Working Mamas

The Best And Worst States For Working Moms, Ranked

The report also featured expert analysis on how local and state governments can help improve the quality of life for working moms.

Originally Published: 
A working mom and her family hustling out the door for work and school. A new report from WalletHub ...
Ariel Skelley/The Image Bank/Getty Images

Roughly 68% of moms with kids under the age of 18, whether by choice or for financial necessity, have a part-time job or full-time career on top of doing the 80-million+ tasks of raising kids. And, as any woman with a 9-to-5 can tell you, gender equity in the workforce still has a long way to go.

A new report from WalletHub surveyed working moms across the country, and it turns out that what state you live in as a working mom also plays a massive role not just in pay equity, but in your overall quality of life.

For its report, WalletHub compared survey responses from all 50 states and Washington, D.C. spanning three key dimensions on a 100-point scale: Child Care (40 points), Professional Opportunities (30 points), and Work-Life Balance (30 points).

Each of these categories break down into relevant weighted metrics. For example, under ‘Child Care,’ ‘Day-Care Quality’ is granted double weight (10 points), whereas ‘Child-Care Costs’ is granted full weight (5 points).

According to the report, Massachusetts is the best state for working moms with a total score of 62.99. Louisiana is the worst with a total score of 27.38. The report also includes this handy data visualization where you can hover over your state and see how it ranks:

To glean further insight, WalletHub also reached out to a panel of experts to not only interpret the data, but to give actionable advice as to how to address workplace gender inequality — especially for working moms.

The experts also talked about more than 2.3 American women have dropped out of the workforce from 2019-2021 — noting that the pandemic and societal expectations of women as caretakers has played a significant role in this.

Mary K. Trigg, Associate Professor, Women's, Gender, and Sexuality Studies, Institute for Women's Leadership at Rutgers University, made an argument for paid parental leave, noting that only eight states have publicly funded paid maternity leave.

“In light of this, companies can help working parents balance home and work life by providing paid maternity and paternity leave... and by making certain that both women and men who take advantage of paid leave around the birth or adoption of a child are not stigmatized for doing so.”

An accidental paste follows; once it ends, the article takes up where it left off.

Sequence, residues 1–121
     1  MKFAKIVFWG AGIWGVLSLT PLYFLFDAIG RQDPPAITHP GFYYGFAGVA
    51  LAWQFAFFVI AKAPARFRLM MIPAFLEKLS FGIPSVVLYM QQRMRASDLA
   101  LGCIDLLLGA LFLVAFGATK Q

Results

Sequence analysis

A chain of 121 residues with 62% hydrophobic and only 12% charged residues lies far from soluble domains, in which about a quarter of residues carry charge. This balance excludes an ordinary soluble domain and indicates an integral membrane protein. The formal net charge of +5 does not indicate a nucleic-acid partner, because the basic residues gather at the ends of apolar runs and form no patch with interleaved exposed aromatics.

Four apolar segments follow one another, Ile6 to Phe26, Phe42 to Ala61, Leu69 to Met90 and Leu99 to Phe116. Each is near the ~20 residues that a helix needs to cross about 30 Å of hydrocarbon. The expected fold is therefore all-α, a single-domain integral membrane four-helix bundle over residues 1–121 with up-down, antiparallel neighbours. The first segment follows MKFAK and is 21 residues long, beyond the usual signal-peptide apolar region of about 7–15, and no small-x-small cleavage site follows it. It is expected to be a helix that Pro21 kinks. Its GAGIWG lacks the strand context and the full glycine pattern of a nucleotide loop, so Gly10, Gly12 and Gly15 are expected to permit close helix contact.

According to Trigg, nearly “four in five private-sector workers have no access to paid family leave. More states can pass paid maternity and family leave legislation.”

The U.S. is one of eight countries without publicly funded paid maternity leave.

David Rothwell, Associate Professor, Barbara E. Knudson Endowed Chair in Family Policy, College of Public Health and Human Sciences at Oregon State University, also advocated for state and local governments to step in when the federal level policies fail working parents.

“In the absence of a federal policy, state and local governments can provide paid family leave and paid sick leave – at least 10 states have passed some form of paid family leave policy.”

Rothwell also advocated for state and local government to work to provide better access to high-quality daycare.

“At present, families struggle to find daycare spots and if they do, they are often unaffordable. Federal proposals to address the child care crisis suggest a cap of 7% of family monthly income to daycare. At present, most families are paying much more than 7%.”

Massachusetts, which ranked as the best state to live in as a working mom, also has one of the highest costs of child care, with some Massachusetts parents spending more than half of their income on it.

James P. Huguley, Associate Dean for Diversity, Equity, and Inclusion, School of Social Work at the University of Pittsburgh, also advocated for paid parental leave, but highlighted how companies can help working moms avoid burnout, a very real condition experienced by 1 in 4 parents, with flexible work being a high priority.

“Flexible work arrangements (work from home, work remotely), supplemental child care provisions like employers offsetting unexpected costs, housing allowances in cities with skyrocketing housing costs, and need-based child supplemental medical care supports, especially for parents of special needs children,” are all ways companies can help prevent burnout for working parents.

Paid family leave, flexible work hours, and access to affordable childcare all feel like pretty reasonable requests. Time to step up and support working moms, state and local governments!

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